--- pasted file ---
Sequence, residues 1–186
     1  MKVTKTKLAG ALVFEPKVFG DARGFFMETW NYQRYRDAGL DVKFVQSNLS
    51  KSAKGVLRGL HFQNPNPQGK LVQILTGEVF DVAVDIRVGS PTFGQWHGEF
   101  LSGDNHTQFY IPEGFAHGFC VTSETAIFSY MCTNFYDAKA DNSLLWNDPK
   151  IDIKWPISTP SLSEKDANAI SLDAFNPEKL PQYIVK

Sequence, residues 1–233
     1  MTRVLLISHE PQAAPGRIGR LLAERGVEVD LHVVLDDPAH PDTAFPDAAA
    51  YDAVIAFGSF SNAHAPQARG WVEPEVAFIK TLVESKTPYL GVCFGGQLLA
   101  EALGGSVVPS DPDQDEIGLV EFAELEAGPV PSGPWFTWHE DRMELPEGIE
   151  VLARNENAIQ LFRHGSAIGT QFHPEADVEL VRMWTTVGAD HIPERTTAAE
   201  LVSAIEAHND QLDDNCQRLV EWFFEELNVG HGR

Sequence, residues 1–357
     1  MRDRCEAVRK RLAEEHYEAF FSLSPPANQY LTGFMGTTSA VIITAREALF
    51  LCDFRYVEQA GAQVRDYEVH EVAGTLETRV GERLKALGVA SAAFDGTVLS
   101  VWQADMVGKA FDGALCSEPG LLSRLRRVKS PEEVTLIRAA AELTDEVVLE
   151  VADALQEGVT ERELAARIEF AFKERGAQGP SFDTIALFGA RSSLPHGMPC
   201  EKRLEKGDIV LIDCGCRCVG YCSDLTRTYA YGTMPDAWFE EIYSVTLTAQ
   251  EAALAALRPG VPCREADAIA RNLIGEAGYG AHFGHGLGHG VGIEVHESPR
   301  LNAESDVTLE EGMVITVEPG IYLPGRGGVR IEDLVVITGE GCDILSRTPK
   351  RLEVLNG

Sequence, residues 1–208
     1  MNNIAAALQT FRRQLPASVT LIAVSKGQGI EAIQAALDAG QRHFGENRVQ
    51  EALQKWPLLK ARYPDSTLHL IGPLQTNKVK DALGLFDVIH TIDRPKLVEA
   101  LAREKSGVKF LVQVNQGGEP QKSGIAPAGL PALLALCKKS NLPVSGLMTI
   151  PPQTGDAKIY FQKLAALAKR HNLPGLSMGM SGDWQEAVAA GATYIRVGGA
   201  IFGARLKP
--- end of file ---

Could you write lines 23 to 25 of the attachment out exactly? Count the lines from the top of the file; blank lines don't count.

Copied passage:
    51  EALQKWPLLK ARYPDSTLHL IGPLQTNKVK DALGLFDVIH TIDRPKLVEA
   101  LAREKSGVKF LVQVNQGGEP QKSGIAPAGL PALLALCKKS NLPVSGLMTI
   151  PPQTGDAKIY FQKLAALAKR HNLPGLSMGM SGDWQEAVAA GATYIRVGGA